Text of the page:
This topic has been all the rage – in discussions – since’s announcement around Millennial Search.  What this really means:  technologists are finally positioned to focus on “budget” rather than “price”.   The new feature allows you to search by total monthly budget – a value that includes property taxes, commute costs, utilities, insurance, HOA fees, and more.

The value here is clear:  unless your an expert in all these details, and particularly if you’re a first time buyer or moving to a new area, your likely monthly expenses can fall anywhere within a wide range beyond principle and interest.  That range is predicated on location first and foremost.  But also lifestyle, family size, details around your commute, and more.

So how does do?  I give them a solid C.

The concept is good, but its not original (see below) and its has some significant implementation flaws.  The concept for monthly budget (or true cost of ownership) search belongs to TLCengine.  Their MLS product, powering Northstar, and state27homes has been out for a few years now.  More importantly, they actually get the data behind the solution and therefore how to personalize lifestyle costs.

Bypassing some boring statistical details, let’s just focus on a couple of obvious elements missing on the implementation but available on the TLCengine powered sites:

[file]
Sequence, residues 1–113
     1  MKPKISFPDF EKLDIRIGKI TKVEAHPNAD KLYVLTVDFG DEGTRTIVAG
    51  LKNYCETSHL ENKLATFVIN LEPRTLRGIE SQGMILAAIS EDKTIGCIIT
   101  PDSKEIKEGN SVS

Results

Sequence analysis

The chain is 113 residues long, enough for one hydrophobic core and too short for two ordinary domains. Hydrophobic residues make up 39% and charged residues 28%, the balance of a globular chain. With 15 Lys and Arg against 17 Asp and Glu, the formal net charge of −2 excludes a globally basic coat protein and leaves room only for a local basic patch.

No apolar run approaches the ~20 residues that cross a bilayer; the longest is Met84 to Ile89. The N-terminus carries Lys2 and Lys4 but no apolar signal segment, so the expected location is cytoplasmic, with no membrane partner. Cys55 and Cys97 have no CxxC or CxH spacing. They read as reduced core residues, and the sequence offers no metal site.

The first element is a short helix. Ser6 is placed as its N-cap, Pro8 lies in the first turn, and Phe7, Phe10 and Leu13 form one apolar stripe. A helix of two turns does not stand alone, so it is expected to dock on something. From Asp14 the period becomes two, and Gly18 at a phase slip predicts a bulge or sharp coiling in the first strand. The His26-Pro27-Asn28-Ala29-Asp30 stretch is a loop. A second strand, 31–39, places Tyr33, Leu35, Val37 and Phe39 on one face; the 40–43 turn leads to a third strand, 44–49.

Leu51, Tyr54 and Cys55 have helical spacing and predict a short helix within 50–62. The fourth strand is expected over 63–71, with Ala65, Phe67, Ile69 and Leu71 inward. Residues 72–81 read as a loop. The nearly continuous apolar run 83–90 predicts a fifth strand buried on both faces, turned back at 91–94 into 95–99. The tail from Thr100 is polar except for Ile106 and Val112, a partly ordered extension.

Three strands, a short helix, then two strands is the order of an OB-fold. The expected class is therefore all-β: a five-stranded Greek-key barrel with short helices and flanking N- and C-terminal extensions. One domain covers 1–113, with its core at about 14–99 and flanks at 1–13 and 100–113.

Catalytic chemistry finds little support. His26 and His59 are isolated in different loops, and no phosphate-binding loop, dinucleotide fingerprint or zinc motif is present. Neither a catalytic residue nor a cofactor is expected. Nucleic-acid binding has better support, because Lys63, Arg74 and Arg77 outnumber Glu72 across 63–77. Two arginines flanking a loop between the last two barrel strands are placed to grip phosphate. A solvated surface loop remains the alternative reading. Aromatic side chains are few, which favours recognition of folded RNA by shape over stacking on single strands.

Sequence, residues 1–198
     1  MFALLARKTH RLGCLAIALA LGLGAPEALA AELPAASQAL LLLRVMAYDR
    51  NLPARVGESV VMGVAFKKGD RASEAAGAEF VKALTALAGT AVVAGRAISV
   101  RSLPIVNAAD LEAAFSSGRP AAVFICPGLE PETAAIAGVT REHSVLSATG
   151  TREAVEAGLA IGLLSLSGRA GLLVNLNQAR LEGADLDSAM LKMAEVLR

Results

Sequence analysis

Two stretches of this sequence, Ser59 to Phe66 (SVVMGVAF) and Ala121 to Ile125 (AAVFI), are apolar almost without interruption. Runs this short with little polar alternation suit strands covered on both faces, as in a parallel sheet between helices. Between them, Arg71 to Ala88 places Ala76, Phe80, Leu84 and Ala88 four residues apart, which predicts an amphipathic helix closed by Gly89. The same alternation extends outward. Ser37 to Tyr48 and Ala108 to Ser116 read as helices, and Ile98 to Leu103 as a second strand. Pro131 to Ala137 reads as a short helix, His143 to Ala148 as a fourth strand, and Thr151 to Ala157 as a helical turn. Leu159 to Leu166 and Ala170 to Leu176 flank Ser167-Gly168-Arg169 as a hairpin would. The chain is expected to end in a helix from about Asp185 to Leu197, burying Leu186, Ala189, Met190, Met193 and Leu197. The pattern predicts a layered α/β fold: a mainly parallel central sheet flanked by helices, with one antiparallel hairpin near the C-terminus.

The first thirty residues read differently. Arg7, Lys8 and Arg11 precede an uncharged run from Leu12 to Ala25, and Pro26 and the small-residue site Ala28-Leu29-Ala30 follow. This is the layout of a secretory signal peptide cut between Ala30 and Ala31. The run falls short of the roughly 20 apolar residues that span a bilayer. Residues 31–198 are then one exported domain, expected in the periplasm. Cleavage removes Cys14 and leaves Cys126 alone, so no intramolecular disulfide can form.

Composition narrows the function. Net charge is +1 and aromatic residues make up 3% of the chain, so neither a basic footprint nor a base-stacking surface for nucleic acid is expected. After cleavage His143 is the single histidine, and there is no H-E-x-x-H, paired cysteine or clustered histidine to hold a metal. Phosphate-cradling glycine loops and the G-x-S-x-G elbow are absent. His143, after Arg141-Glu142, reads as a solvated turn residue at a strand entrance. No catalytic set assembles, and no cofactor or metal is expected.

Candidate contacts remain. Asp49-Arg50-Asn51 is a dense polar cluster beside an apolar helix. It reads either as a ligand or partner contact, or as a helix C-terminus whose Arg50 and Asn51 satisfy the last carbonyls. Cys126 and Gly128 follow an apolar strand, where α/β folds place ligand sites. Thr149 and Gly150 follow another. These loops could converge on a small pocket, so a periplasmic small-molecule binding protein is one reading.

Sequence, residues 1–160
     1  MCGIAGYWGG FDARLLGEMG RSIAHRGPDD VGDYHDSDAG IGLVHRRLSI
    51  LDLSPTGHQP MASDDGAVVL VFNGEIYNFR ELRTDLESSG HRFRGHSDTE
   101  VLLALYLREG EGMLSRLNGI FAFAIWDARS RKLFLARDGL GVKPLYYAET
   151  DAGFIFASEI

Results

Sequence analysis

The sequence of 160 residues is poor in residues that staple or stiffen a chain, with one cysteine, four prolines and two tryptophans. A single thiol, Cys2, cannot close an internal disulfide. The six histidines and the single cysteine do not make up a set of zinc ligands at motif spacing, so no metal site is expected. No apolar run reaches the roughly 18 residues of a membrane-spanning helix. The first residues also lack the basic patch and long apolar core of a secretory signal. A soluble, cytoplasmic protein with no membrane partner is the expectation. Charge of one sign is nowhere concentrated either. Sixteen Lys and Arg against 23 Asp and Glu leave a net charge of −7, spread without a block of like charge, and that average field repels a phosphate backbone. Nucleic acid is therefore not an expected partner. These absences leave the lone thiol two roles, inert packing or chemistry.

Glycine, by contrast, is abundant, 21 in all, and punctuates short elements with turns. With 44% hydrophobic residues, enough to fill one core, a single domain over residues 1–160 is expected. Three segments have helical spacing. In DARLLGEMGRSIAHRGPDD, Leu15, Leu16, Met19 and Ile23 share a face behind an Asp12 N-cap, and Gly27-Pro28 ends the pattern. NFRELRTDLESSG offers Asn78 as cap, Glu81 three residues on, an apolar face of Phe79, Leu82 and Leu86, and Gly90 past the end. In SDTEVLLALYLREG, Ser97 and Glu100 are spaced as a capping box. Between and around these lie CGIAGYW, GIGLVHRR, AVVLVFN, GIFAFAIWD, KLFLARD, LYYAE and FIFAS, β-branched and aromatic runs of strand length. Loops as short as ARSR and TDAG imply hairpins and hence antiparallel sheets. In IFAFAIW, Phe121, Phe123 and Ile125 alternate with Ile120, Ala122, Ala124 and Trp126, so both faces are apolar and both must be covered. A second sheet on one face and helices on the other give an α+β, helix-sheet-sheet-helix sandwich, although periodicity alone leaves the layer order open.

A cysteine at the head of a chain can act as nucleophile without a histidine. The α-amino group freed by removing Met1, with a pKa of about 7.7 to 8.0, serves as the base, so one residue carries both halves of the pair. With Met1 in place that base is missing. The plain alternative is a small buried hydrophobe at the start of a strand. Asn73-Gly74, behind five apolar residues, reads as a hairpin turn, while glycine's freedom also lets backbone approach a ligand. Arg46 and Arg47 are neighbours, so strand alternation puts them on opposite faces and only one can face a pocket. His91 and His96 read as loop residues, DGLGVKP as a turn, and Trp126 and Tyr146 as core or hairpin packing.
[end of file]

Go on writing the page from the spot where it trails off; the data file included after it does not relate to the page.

• changing the financing type should change the interest rate
  • utility cost estimates depend largely on the number of persons in the home
  • commute / transportation costs are a huge part of monthly expenses and can be easily calculated based on location

But don’t take my word for it…check out TLC’s implementations which cover all this and more.

Focusing back on UX, the interface is also very limited.  And here’s where I believe the future of True Lifestyle Cost based search lies, beyond even what TLC currently offers:

Make the lifestyle cost factors searchable.

If I’m looking for a home in my monthly budget, I don’t necessarily want it to be in a specific ZIP code.  What I want might look like this:

  1. in my budget
  2. in a school district rated > X
  3. within Y time and $Z commute of my work location
  4. with non-equity building portions of my monthly nut < N%

And then we get into the character of the town if not the street, the proximity of conveniences, and perhaps specific medical considerations or programs for my kids.

The amazing thing is:  THE DATA TO SUPPORT THIS IS HERE TODAY!!!  The question is:  when will the interface exist that leverages it?